The Veraguás artistic style belongs to the Panamanian polychrome tradition, and is characterized by geometric designs with feathers applied to vases and pedestal bowls. Other ceramic pieces include vessels with semicircular tableaus in black or brown paint, sometimes in four- or five-colored polychrome designs. Their scenes include schematic representations of animals – fish, rays or sharks, herons, caiman gods, in a standing position, face on or in profile, or hunched down. Some pieces are modeled and unpainted but highly life-like, and represent hunchbacked human figures, pregnant women, people playing musical instruments, and even drums. Most have feet made from a folded ribbon of clay.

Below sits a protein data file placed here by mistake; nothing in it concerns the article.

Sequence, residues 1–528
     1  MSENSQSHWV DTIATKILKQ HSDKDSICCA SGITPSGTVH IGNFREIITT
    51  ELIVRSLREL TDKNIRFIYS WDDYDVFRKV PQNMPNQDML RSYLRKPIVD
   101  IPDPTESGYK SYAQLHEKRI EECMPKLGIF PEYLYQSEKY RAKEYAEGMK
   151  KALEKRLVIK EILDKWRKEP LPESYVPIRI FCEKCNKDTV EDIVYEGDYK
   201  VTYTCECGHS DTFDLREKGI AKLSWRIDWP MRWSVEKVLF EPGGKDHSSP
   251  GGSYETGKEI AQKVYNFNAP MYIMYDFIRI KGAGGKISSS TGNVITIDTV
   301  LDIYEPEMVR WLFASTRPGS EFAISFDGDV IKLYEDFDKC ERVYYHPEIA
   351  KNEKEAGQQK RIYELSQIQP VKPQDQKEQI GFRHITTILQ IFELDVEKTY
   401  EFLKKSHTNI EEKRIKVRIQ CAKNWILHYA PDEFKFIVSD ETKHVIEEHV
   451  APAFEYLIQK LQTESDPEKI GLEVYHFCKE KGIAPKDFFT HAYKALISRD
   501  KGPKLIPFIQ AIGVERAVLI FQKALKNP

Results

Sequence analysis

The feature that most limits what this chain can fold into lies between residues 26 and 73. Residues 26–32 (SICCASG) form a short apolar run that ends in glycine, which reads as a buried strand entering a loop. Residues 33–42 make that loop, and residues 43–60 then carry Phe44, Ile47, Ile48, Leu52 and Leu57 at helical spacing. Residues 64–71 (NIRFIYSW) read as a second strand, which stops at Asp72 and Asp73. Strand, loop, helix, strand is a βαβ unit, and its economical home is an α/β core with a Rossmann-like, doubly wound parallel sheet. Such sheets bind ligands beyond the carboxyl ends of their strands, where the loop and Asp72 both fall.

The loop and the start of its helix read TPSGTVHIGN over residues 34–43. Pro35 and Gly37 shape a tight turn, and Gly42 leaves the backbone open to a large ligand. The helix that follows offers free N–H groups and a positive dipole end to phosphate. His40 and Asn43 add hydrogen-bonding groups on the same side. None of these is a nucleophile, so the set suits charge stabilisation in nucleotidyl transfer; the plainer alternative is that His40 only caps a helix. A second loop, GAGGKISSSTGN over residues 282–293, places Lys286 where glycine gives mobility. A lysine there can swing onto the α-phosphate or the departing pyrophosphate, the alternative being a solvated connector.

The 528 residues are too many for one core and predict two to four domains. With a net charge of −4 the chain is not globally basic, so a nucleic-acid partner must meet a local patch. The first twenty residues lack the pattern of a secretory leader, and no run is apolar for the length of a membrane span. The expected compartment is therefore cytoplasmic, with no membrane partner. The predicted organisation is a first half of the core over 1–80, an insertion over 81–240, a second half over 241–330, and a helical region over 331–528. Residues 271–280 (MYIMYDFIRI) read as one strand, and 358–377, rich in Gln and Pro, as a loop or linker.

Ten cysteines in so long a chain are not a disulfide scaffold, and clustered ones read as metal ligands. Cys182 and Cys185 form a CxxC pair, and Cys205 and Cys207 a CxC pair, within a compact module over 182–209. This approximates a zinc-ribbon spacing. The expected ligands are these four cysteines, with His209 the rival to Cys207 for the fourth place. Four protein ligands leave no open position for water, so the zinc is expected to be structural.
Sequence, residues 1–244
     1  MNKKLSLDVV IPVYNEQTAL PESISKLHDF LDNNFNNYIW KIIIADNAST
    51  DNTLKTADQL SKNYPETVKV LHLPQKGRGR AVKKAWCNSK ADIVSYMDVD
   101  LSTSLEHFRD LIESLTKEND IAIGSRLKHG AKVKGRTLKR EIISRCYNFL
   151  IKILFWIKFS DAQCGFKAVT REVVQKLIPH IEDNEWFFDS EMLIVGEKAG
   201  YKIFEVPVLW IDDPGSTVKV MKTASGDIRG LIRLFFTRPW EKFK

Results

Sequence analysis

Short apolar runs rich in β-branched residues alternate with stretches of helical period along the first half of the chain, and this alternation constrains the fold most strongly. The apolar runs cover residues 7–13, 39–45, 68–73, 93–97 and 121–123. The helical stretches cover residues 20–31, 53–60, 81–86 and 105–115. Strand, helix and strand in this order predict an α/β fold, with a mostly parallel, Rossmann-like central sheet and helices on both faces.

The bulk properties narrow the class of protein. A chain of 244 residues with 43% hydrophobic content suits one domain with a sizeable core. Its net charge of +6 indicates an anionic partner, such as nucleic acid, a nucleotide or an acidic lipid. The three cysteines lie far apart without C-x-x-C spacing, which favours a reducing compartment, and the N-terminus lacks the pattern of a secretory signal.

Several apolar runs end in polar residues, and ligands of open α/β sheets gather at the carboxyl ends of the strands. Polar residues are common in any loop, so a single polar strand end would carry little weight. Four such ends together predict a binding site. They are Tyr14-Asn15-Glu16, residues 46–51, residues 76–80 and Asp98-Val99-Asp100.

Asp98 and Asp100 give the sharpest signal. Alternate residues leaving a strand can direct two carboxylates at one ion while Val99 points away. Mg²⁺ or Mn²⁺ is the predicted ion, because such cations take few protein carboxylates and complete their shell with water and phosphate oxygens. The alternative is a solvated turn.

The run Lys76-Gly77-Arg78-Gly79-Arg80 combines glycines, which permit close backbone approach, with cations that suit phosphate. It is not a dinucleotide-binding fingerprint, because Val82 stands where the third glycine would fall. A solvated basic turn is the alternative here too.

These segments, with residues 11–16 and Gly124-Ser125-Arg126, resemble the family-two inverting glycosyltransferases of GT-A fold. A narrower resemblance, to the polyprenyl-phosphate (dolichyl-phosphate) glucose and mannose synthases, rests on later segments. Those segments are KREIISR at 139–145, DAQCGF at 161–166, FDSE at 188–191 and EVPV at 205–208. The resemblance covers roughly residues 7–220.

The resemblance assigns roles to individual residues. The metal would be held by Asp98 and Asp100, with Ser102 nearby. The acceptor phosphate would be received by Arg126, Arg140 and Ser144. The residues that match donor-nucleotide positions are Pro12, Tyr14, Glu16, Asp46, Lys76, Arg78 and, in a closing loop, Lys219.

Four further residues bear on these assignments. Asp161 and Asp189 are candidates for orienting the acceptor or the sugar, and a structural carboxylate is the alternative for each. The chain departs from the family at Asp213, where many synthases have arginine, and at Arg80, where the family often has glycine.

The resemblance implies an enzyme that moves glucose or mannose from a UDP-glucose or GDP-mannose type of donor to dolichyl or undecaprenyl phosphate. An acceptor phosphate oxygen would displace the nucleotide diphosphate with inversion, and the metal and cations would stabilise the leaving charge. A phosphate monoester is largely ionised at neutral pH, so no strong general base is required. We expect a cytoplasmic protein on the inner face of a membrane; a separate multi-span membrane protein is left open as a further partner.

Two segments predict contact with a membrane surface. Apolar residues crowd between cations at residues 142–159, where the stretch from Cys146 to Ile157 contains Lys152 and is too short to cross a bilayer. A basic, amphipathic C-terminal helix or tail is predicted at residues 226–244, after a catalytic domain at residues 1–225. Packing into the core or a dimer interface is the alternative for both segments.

Veraguás stonework is perhaps best known for its low, three legged tables, carved with zoomorphic or geometric motifs on the lower part. These have been interpreted as seats for funeral ceremonies, and not as maize crushers. Another noteworthy piece is the stone female sculpture known as the “Venus de Cébaco”, which has a circular headdress and long hair, traced outlines of the arms, and rigid features. It has no pedestal, so is thought to have been placed on an altar. The statue is believed to have represented a local goddess or heroine. The Veraguás carved talc and semi-precious stones into figurines and pipes, which were left as grave offerings. The finest work of the culture’s goldsmiths took the form of the eagle figures mentioned above, with their curved beaks and spread wings. These were left as offerings in the graves of chiefs and important figures.